Differences in Women's Psychological Well-being Based on Infertility Treatment Choice and Outcome

Authors

  • M. Patrice McCarthy RN, CNS, PhD,

  • Sheau-Huey Chiu RN, PhD


Address correspondence to M. Patrice McCarthy, RN, CNS, PhD, College of Nursing, 209 Carroll Street, University of Akron, Akron, OH 44325-3701. E-mail: mccarthy@uakron.edu

Abstract

Introduction: The empirical foundation regarding women's experiences with infertility is influenced by the use of clinically based populations of women who are seeking medical assistance to conceive. Although the experience of infertility and involuntary childlessness is recognized as a significant life stressor characterized by a loss of control, bodily integrity, and identity, little is understood about women who perceive an infertility problem but do not seek treatment.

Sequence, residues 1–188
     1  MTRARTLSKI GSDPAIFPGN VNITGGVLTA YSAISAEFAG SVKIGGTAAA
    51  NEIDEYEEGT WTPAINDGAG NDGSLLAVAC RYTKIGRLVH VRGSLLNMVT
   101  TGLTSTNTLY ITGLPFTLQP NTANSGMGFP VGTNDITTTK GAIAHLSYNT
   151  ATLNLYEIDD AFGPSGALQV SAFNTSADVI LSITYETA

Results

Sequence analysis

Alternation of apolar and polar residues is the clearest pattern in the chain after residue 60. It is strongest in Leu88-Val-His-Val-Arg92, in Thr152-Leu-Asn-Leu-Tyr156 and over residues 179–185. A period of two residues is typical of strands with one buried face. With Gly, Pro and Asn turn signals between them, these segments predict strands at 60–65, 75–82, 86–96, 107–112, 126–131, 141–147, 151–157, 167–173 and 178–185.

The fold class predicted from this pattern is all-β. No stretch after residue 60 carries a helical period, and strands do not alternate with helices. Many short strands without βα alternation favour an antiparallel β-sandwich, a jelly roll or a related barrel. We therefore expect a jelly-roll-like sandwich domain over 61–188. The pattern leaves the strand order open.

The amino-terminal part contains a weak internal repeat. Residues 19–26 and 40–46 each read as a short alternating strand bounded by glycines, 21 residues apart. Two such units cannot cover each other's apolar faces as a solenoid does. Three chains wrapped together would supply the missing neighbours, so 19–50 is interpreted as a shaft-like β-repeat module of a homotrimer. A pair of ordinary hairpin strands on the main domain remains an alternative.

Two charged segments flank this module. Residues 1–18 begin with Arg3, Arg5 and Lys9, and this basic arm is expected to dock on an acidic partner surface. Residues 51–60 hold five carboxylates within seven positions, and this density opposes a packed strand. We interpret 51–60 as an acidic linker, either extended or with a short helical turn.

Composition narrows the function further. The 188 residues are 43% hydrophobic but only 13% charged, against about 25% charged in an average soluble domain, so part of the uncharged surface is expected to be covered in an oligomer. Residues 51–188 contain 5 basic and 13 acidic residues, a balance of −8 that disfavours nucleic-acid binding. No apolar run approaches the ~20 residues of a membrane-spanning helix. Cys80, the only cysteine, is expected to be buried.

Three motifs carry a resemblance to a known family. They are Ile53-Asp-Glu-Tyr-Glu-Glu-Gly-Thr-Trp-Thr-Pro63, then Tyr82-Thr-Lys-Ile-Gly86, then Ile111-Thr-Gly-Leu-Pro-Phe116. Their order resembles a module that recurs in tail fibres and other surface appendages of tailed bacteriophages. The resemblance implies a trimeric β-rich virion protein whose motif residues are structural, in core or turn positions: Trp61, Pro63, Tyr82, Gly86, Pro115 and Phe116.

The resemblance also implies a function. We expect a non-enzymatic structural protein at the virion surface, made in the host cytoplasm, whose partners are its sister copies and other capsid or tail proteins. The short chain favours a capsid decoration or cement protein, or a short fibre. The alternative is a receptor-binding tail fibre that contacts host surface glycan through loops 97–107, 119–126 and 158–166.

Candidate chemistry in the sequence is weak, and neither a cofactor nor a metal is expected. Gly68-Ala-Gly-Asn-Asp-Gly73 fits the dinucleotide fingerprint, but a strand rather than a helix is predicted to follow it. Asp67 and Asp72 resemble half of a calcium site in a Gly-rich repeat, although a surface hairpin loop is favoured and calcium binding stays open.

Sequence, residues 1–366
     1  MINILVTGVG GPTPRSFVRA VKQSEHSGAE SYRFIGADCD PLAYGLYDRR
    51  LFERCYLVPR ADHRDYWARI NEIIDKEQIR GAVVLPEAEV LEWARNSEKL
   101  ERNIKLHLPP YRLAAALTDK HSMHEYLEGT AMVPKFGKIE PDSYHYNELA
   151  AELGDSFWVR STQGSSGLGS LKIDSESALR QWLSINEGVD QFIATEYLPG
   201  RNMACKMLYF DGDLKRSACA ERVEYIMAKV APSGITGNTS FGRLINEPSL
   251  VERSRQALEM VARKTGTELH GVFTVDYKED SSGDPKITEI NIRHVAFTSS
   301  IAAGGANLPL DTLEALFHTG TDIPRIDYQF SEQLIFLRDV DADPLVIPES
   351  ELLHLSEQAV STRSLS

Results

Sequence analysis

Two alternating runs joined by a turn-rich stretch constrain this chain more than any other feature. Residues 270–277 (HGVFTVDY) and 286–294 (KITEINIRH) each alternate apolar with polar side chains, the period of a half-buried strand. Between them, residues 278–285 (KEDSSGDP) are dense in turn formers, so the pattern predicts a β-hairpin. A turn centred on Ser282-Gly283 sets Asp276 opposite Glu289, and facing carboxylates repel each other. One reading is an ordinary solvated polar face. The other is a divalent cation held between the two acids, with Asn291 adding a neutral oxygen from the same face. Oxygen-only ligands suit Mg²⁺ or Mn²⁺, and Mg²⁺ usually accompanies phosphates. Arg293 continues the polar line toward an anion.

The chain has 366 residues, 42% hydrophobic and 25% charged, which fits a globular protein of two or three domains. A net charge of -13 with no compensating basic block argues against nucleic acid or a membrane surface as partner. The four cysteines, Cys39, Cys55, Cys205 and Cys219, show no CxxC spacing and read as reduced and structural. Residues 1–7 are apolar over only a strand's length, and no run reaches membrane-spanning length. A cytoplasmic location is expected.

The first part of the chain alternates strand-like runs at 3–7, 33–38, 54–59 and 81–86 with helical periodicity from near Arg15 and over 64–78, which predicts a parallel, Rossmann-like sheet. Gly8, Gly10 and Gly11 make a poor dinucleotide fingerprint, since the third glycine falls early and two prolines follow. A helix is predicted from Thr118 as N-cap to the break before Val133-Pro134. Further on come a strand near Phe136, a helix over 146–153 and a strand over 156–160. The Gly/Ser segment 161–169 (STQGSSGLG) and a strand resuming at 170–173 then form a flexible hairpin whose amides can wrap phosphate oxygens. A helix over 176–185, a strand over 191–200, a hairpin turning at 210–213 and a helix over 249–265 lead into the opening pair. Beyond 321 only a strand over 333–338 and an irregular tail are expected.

Methods: A secondary analysis was conducted by using a national probability sample from the National Survey of Fertility Barriers. Women (N = 142) who self-reported perceptions of fertility problems were placed in 1 of 3 groups based on the decision to seek/not seek treatment and treatment outcome.

Results: When we controlled for marital status, women who conceived with medical assistance reported significantly higher levels of life satisfaction and held parenting as more important than women who sought treatment and did not conceive and women who did not seek treatment.

Discussion: Women who did not seek treatment for perceived infertility problems reported a decreased sense of the importance of parenthood but also reported lower levels of self-esteem and life satisfaction than women who sought treatment, regardless of treatment outcome.

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